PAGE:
On the prospect of missing the frenzy around the opening weekend of a film and watching it, quietly, later. Or not

By the time you read this, I will hopefully be in Thimphu — hopefully because I’ve been told that the descent into the nearby Paro airport is quite scary, and that only a handful of pilots in the world are qualified to make the landing. Maybe that’s why we’ve been told, repeatedly, to ask for a seat on the left, because of the view of the Himalayas. Maybe that will distract us from the terror lurking below.

Anyway, this means that by the time I return, Shah Rukh Khan’s Chennai Express will be old news. That’s the bummer about being a film critic in this era. Miss the first weekend, and you might as well be writing a review of Shree 420. As I write this, an article titled “Amazon CEO Jeff Bezos Buys ‘The Washington Post’ for $250 Million” is making the social-network rounds. And below, a snarky commenter has this to say: “That’s a lot of money paid for a paper that sells yesterday’s news!”

It is not for me to wonder about the bigger implications of today’s pace of life for the newspaper business — not in this column, anyway. But it does seem somewhat pertinent to point out that reviews, appearing a day or two after the film’s release, are yesterday’s news. And their function has changed.

Earlier, when films were released in a handful of theatres, not everyone got tickets during the opening weekend (or even the opening week).

Also — let me stick to Chennai, but I’m sure this was true of other cities across the country — new releases were confined to the big screens, the prestige theatres. You had to go all the way to Mount Road, which was and is more of a commercial district than a residential area — to catch the new Rajini or Kamal film. So people waited for the new releases to become old, when they’d start appearing in the local theatres, closer to home.

In these days of new films being released on hundreds of screens across the state, and right by your home (and with the prospect of the film showing up on TV in a couple of months even if you missed seeing it on screen), it’s impossible to imagine what the wait meant. I still remember this boy, not much older than I, rushing past me one afternoon I was walking down a street in Mandaveli. He’d barely entered the house I’d just passed, when he announced, breathlessly, “Amma... Kapali-la Padikkadhavan.”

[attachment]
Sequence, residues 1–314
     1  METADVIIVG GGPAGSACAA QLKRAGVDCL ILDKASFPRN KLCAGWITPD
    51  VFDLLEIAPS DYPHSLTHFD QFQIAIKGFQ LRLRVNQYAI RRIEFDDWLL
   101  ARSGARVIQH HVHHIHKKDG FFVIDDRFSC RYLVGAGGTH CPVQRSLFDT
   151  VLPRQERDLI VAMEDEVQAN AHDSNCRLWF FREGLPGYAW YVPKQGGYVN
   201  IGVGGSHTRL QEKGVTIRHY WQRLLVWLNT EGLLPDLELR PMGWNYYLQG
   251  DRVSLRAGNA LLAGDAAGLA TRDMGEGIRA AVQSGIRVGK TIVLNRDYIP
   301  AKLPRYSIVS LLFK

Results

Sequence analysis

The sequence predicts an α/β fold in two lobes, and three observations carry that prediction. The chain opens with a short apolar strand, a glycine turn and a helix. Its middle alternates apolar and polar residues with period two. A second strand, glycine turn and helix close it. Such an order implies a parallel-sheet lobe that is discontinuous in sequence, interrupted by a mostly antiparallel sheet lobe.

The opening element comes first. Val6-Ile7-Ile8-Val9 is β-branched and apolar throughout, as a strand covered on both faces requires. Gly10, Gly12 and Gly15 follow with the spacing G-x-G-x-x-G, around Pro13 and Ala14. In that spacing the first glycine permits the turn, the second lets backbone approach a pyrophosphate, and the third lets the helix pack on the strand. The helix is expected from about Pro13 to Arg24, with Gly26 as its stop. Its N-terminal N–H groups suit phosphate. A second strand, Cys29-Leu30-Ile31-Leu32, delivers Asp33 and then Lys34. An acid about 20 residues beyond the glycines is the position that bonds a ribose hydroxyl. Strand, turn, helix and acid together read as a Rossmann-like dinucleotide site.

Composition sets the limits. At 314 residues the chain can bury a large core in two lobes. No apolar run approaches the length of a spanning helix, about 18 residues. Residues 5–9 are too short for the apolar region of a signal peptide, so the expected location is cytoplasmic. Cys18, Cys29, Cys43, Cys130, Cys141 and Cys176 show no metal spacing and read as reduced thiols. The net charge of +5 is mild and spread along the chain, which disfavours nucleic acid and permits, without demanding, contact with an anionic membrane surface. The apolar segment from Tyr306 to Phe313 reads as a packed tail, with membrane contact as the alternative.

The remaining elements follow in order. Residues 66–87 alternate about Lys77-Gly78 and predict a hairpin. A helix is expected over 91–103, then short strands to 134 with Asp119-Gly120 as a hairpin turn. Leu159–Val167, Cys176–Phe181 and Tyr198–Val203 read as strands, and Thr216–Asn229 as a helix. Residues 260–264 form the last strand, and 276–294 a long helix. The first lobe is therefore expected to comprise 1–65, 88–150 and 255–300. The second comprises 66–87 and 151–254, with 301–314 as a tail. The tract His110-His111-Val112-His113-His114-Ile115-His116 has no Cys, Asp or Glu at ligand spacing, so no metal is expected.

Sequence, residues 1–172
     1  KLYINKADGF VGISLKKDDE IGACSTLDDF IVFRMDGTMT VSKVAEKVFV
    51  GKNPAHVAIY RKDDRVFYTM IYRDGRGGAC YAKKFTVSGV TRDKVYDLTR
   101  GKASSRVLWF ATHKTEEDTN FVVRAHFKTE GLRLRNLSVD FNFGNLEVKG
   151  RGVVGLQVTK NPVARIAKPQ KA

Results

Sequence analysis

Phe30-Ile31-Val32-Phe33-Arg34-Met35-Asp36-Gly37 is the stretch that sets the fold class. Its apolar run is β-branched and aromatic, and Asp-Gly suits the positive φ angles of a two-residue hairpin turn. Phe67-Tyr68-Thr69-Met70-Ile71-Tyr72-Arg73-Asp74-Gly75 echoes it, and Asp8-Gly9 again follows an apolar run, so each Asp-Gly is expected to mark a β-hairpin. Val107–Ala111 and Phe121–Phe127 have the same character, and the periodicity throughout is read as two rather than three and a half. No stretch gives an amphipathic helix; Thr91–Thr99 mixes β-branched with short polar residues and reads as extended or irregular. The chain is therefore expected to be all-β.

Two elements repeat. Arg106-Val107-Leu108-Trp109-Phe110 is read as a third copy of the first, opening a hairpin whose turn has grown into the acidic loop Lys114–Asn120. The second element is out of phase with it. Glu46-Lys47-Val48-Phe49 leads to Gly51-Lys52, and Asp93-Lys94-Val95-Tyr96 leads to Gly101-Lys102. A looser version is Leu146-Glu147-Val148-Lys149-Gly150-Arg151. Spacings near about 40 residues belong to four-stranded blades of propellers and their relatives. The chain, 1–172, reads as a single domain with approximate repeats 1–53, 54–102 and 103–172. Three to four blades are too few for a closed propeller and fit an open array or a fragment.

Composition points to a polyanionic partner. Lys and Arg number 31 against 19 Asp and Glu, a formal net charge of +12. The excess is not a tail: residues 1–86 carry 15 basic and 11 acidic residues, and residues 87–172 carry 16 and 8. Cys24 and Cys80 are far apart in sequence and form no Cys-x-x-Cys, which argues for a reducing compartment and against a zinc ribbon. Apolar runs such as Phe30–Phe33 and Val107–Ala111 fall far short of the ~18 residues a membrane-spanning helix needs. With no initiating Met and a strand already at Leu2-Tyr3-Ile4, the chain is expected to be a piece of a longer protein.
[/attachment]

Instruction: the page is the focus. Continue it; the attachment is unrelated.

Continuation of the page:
He was telling his mother that Rajinikanth’s remake of Khuddaar, which had been declared a big hit in the Mount Road theatres, had finally come to a theatre that was at a walking distance from their home. (The theatre no longer exists. A residential complex has sprung up in its place.) I wonder, sometimes, about that obviously film-crazy (or at least Rajini-crazy) kid. Is he making films, acting in them perhaps, or is he bound to a desk in an IT firm?

Anyway, flashbacks apart, in that era (what a word, era, though it’s just a few decades ago, the 1980s), a review was about the only thing that — even if it appeared a week after the film’s release — told you about the film. That was its function.

Films weren’t promoted as aggressively as they are today, and not many knew about what was in them. As few people had watched the film, there wasn’t much scope for word-of-mouth information either. You heard snatches of songs from the film on radio. You saw the actors on the posters and on the large Mount Road banners. That was about it.

So reviews helped, even if they did little more than summarise the plot and talk about this actor and that one. Today, of course, everything’s different, and that kid would be Twittering his opinion about the film after watching it on the first show of the first day, like thousands of others who write their own “reviews” long before the critics, the establishment, gets around to it.

It’s not that I long for those days, though I do think I’d have liked it better if I had been a critic at a time there were few who wrote about films, whose voice mattered because there were no other voices. But that bit of selfishness apart, I do enjoy the option of watching the film in this theatre if that one becomes full.

What irks me, though, is the promotion, which plays out at such deafening levels that short of crawling under a rock and staying there there’s little you can do to watch a film without being affected by the hype. The prospect of walking into a film with a clean slate seems so quaint now. But at least, this time, I’ll miss the weekend frenzy. I’ll miss the voices around that tell me I have to watch Chennai Express soon or that I shouldn’t watch it at all. And when I finally get around to it, I’ll hopefully see it as just a movie.

Then again, I wonder if Bollywood films are released in Thimphu.

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